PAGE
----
Belgium Brussels Attractions
Don’t let Belgium’s relatively small size fool you, since it has more to do per square mile than most other places on earth. And best of all for the traveler, it’s a comparatively easy place to get around and English is widely spoken.
By Jim Ferri
Despite it being one of the most popular and beautiful countries in Europe, Belgium confuses many travelers.
The crux of the problem, as it often is, is political.
The country is divided into two ethnic regions, Dutch-speaking Flanders to the north and French-speaking Wallonia to the south. An imaginary east-west line that bisects the country at Brussels, divides the two regions. Consequently, Brussels is a city claimed by both the Flemish and the Walloons.
Although this is a major political conundrum for the Belgians, for the traveler it’s inconsequential. Just forget the politics. In other words, focus instead on the cornucopia of culture, historical places and beautiful towns and cities throughout the country.
Visit Brussels, the self-proclaimed “Capital of Europe, ” and wander around the magnificent Grande Place. See great museums such as the Magritte, dedicated to Belgium’s famous surrealist painter.
Also, cruise the canals and walk the lanes of popular and beautiful Bruges and Ghent. Also be sure to visit such treasures as Liege and Spa (luring spa-goers since the 14th century). In addition, historic Bastogne, made famous by the Battle of the Bulge in WWII.
Since cuisine is as highly regarded as the masterpieces in its museums, and you’ll certainly eat well wherever you go. If you’re up north in Flanders in August, you can get a Taste of Antwerp at Belgium’s largest culinary festival. Also visit Oostduinkerke on the Flemish coast for the shrimp festival in June, and Bruges Kookeet food festival every September.
Just remember that “If It’s Tuesday This Must Be Belgium” was a comedic spoof of American travelers. It was not a suggested itinerary for the rest of us.
Brussels is quickly gaining a reputation as one of Europe’s must-see destinations. Moreover, with its central location in the heart of Europe, it’s easily accessible by air or high-speed rail from neighboring countries.
It’s an international metropolis – a mosaic of languages and cultures – and the home of the EU, NATO and myriad organizations. English is widely spoken, making it a great place for even a novice French-speaker to get by without an issue.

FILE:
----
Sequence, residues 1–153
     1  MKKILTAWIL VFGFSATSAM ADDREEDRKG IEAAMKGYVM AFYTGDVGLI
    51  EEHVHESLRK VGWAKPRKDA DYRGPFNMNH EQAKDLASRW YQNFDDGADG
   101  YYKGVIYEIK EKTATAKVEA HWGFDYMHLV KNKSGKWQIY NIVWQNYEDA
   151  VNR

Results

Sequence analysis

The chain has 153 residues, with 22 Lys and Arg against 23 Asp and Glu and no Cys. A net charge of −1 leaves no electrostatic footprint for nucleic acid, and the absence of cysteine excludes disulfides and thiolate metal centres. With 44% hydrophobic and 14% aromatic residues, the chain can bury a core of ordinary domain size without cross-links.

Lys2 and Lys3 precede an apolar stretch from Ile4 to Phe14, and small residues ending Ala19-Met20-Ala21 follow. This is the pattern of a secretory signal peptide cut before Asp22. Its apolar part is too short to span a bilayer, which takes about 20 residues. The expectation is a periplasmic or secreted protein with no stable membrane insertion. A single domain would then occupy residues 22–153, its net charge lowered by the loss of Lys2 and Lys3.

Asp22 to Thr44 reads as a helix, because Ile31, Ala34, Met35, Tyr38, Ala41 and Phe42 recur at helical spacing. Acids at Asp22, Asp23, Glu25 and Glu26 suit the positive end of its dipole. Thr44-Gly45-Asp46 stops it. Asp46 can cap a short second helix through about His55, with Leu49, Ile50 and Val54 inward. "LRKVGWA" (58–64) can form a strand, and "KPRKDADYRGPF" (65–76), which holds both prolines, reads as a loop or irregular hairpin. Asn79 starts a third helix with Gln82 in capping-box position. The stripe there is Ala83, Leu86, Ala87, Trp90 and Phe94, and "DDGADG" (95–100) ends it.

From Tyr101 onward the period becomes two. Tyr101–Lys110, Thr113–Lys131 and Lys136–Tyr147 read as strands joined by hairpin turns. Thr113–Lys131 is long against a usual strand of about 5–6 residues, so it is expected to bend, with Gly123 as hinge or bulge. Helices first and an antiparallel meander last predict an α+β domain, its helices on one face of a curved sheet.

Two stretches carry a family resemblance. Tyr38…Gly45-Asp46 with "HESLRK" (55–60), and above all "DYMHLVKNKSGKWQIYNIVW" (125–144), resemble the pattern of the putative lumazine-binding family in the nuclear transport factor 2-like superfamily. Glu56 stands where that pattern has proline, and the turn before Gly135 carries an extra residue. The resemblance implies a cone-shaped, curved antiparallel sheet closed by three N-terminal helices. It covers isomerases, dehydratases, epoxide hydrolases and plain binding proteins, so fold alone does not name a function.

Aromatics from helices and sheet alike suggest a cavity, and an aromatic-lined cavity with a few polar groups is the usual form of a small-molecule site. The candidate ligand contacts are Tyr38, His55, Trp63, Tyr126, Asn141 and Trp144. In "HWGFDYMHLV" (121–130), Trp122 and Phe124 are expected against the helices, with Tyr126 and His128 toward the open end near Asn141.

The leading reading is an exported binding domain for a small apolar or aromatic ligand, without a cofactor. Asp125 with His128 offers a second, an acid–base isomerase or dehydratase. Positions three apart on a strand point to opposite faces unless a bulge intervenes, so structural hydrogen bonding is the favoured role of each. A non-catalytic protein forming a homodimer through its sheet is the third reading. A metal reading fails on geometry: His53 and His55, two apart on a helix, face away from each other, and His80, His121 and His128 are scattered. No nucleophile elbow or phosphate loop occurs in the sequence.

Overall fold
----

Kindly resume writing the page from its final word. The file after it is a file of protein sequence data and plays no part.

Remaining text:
Brussels is a classic European city with small-town charm and cosmopolitan attractions. Among its most celebrated attractions is La Grand Place, a UNESCO World Heritage Site originally built in the 13th century. Arguably, it’s Europe’s most beautiful medieval square. If you’re a chocoholic make your way to Place du Grand Sablon and its numerous chocolate shops.
Just a short walk from the Grand Place is the Mannekin Pis, a small bronze statue of a little boy relieving himself. The statue, a good example of Belgium’s sense of humor, is given costumes to mark various occasions, anniversaries or events.
Known for its vibrant nightlife, funky bars and restaurants and numerous festivals, Belgians see Antwerp as the “capital of cool.” The Antwerp Fashion Academy produced a group of avant-garde designers who made a big splash on the fashion scene in the 1980’s. Consequently, they became known as “The Antwerp Six.” Nowadays, the Academy continues to churn out new, hot talent.
If shopping is not your thing, discover the compact center of Antwerp. It juxtaposes beautiful medieval buildings with modern architectural landmarks. You’ll find plenty historic buildings, as well as the biggest diamond center in the world.
Antwerp is an art-loving city with which the name Rubens is eternally linked. Still, more than 400 years after the birth of this brilliant painter, it’s still possible to see the extent to which Rubens left his mark on the city. You can cap your visit off with a taste of the city’s funky nightlife.
The historic center of Bruges, a UNESCO World Heritage Site, is closed to cars, making it easily explored on foot. It’s an impressive city, stunningly beautiful and culturally active, that you can also explore by boat along quiet canals. Actually, you can do it well also by horse-drawn carriage.
Although Bruges is small, it’s filled to the brim with architectural and artistic treasures, folklore, chocolate shops and lace boutiques. Moreover, there’s no lack of fine restaurants.
One popular place in the city is The Beguinages, a UNESCO World Heritage site. It’s the home of the nuns of the order of Saint Benedict. Another is the Halve Maan Brewery, a family-owned brewery, and creator of the famous ‘Brugse Zot’ beer. If you’re on a budget buy the discount Bruges City Card or tour the countryside outside the city by bicycle.
Ask a Belgian where they like to travel within their country, many will tell you about the city of Ghent. Belgium’s third largest city with most of its town center closed to cars, it’s best best explored by foot. Of course, there’s also the possibility of bicycles, or by boat along its elegant canals.
Ghent is an unassuming, un-touristy city filled with university students, linger-as-long-as-you-like cafes, well-priced restaurants and vibrant energy. It’s a city with great mustard, Stropke beer (which is Flemish for noose), and the ten-day Ghent Celebrations. The latter is held every July and the city goes all out with theater performances, concerts, singing, dancing, and drinking.